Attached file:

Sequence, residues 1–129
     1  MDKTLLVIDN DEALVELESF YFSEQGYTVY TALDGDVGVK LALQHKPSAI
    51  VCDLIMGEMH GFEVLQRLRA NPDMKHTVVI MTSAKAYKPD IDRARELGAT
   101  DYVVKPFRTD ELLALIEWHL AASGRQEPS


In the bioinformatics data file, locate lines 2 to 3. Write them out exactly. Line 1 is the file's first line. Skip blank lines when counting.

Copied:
     1  MDKTLLVIDN DEALVELESF YFSEQGYTVY TALDGDVGVK LALQHKPSAI
    51  VCDLIMGEMH GFEVLQRLRA NPDMKHTVVI MTSAKAYKPD IDRARELGAT